The vaccination is particularly recommended for certain groups of people
Influenza can make some people very ill and may even lead on to other serious conditions, such as lung inflammation. It is therefore recommended that you get the vaccination.
You are recommended to get the vaccination if any of the below apply to you:
- You are 65 years of age or older.
- You are pregnant (after week 16 or earlier if you have also been recommended the vaccination for another reason).
- You suffer from a disease of the heart.
- You suffer from a disease of the lungs.
- You have diabetes.
- You have an illness or take medication that impairs your body’s ability to fight infections.
- You suffer from liver or kidney failure.
- You are seriously overweight.
- You suffer from a disease of the nerves and muscles that can make it difficult for you to breathe.
- You have multiple disabilities.
- You have a breathing problem such as difficulties coughing or bringing up phlegm.
The recommendations apply to all adults and children over the age of six months.
Family members and colleagues of people with highly impaired immune systems should also vaccinate themselves against influenza in order to protect them.
You need to be vaccinated every year
Once you have been vaccinated you will be protected against this year’s strain of the influenza virus. You will only be protected for one year and will therefore need a new vaccination each year. The vaccination you receive has been specially developed to protect against the current strain.
The same groups as above (except pregnant women) should also be vaccinated against pneumonia.
Where can I get the vaccination?
You can get the vaccination at your local health centre or clinic.
The vaccination process
You will receive the vaccination through an injection. The injection is usually administered to the upper arm. Children under the age of three will usually receive the vaccination in their thigh. Children aged between two and eighteen can also receive the vaccine in the form of a nasal spray.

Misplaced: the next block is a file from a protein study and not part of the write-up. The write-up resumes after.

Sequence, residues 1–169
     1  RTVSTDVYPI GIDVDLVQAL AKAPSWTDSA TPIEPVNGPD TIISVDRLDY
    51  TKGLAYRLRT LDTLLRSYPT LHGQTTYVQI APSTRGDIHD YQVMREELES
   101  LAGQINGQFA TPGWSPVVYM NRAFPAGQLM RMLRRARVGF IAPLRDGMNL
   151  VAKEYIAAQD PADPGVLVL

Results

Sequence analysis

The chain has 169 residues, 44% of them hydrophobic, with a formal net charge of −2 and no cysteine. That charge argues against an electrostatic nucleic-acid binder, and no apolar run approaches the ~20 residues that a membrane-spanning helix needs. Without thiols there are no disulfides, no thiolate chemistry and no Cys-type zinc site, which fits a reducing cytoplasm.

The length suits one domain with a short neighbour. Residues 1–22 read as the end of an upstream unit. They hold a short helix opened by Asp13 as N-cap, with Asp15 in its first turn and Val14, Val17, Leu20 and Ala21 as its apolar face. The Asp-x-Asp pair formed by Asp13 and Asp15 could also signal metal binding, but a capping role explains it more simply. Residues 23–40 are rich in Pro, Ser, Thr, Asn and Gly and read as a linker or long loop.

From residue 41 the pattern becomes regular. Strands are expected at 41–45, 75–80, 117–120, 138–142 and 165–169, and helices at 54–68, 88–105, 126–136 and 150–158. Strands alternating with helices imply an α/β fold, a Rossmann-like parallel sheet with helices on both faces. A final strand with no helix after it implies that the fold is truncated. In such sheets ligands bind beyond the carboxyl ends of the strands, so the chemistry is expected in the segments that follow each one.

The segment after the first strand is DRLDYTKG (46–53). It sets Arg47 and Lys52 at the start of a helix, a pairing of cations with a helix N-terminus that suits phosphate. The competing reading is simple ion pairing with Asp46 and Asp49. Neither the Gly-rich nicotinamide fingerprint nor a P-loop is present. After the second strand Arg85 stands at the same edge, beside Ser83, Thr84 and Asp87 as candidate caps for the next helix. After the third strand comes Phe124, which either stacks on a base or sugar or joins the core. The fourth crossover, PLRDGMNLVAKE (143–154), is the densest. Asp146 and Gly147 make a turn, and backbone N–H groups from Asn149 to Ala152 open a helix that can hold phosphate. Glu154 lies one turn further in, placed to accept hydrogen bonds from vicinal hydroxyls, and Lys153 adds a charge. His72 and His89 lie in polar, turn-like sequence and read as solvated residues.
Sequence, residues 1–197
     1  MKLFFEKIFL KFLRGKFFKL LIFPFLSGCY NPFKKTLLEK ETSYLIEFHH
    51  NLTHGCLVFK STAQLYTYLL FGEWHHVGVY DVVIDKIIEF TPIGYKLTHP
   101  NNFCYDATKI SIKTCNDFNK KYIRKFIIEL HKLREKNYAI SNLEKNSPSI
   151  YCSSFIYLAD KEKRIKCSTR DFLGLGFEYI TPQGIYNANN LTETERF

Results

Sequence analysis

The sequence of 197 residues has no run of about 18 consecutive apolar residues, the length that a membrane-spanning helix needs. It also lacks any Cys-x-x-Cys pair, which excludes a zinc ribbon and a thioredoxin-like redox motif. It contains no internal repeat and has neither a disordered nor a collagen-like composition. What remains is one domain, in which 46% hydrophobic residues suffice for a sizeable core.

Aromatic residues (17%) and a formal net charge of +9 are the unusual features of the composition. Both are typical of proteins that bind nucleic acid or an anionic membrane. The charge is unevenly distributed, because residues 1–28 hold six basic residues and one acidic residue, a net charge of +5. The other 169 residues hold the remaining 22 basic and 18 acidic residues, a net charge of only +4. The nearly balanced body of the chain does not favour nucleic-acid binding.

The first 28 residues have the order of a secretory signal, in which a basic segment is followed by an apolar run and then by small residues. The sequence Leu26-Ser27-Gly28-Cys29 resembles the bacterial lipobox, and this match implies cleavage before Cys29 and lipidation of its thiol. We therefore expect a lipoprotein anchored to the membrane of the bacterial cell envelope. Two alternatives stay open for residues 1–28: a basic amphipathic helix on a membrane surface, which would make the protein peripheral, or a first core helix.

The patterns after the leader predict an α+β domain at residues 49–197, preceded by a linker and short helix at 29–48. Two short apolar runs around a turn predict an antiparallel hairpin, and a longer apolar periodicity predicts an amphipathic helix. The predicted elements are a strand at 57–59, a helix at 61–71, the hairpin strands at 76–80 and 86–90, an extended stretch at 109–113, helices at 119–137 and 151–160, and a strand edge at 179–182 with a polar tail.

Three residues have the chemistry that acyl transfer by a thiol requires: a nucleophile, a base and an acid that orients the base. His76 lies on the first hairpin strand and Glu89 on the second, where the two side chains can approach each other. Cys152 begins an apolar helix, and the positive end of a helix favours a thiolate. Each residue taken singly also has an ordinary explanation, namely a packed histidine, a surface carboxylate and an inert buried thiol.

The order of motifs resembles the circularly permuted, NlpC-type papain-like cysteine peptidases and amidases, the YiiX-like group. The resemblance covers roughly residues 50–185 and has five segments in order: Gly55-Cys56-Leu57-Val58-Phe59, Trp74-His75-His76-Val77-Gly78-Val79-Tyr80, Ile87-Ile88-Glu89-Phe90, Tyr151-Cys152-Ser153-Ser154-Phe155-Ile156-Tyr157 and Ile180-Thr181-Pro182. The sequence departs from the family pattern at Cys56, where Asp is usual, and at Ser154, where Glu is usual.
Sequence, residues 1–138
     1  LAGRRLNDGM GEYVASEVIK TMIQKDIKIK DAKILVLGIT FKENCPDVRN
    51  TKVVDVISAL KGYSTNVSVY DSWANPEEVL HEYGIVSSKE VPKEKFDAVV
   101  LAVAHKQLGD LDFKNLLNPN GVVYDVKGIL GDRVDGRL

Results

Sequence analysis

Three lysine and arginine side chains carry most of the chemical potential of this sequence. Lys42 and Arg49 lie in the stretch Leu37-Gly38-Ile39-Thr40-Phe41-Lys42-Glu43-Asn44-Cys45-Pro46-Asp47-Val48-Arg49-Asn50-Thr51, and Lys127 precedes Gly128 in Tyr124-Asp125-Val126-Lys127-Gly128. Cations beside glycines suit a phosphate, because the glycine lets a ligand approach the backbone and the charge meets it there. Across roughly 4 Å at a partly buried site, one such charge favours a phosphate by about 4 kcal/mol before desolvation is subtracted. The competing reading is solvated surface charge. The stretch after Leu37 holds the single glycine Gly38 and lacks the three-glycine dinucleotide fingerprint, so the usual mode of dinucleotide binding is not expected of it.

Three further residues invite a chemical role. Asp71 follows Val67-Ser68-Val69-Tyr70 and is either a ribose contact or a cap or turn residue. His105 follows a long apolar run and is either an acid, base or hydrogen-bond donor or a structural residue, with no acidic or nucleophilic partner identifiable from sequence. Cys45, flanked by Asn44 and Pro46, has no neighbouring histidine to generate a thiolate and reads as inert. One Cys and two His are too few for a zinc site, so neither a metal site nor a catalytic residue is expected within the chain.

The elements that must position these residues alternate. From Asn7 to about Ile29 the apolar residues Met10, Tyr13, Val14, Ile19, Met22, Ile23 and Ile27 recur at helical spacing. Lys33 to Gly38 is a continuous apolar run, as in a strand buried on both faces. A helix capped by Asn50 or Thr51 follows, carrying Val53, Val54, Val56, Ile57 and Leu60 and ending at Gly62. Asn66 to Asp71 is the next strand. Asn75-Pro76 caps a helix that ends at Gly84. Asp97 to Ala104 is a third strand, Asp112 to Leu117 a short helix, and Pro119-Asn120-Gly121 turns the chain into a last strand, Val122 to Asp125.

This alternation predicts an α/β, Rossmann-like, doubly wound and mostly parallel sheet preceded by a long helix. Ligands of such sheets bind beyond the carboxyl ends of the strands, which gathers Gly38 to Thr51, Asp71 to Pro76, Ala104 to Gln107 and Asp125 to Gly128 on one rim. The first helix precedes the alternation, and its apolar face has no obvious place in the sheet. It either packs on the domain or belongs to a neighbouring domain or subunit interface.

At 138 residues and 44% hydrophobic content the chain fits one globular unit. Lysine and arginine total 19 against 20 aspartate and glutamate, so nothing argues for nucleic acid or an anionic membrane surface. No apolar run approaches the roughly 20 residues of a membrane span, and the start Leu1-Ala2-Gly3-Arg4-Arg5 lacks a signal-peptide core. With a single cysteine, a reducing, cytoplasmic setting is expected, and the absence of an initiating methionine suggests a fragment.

After the vaccination, you may notice that you are a little red and swollen around the area where needle went in. It may also feel a little tender. You may experience fever, headache and muscle pain. Children might experience a loss of appetite and loose stools. Any such side effects will normally only last a few days.
When should I refrain from getting the vaccination?
You should not get the vaccination if you have a fever.
If you are unable to eat food containing eggs due to an allergy then you are unable to receive the influenza vaccine.
Pregnancy and breast feeding
There are no risks of getting vaccinated when you are pregnant or breastfeeding.
If you are pregnant, the influenza virus can make you more sick than it would have otherwise. We therefore recommend pregnant women to get the vaccination. The vaccination will also help protect your unborn child.
It is recommended that you get the vaccination after week 16 of your pregnancy or earlier if you have also been recommended the vaccination for another reason.
What does it cost?
If you belong to a group for whom the vaccination is recommended then the vaccination costs 60 kr. For everyone else it costs 250 kr.
The pneumonia vaccination costs 219 kr. If your immune system is highly impaired then you will also need an additional vaccination which costs 520 kr.
If you get sick
If you get sick despite having been vaccinated, the symptoms will normally be less severe.
Stay at home for as long as you have a fever and feel unwell. Cough and sneeze into your elbow and wash your hands often to reduce the risk of spreading the infection.
If you belong to a group for whom the vaccination is recommended and you contract influenza then you should contact your GP.
Play an active role in your care
In order for you to participate in your healthcare and treatment, it is important that you understand the information that healthcare staff give to you. Ask questions if there is anything you don’t understand. You can get help from an interpreter if you don’t speak Swedish.